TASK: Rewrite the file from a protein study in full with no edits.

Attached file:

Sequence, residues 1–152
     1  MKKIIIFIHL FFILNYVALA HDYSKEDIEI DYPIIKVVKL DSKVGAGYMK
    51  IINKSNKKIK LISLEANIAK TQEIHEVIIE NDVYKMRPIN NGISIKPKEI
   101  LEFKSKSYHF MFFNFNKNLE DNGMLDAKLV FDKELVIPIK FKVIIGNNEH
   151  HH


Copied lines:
Sequence, residues 1–152
     1  MKKIIIFIHL FFILNYVALA HDYSKEDIEI DYPIIKVVKL DSKVGAGYMK
    51  IINKSNKKIK LISLEANIAK TQEIHEVIIE NDVYKMRPIN NGISIKPKEI
   101  LEFKSKSYHF MFFNFNKNLE DNGMLDAKLV FDKELVIPIK FKVIIGNNEH
   151  HH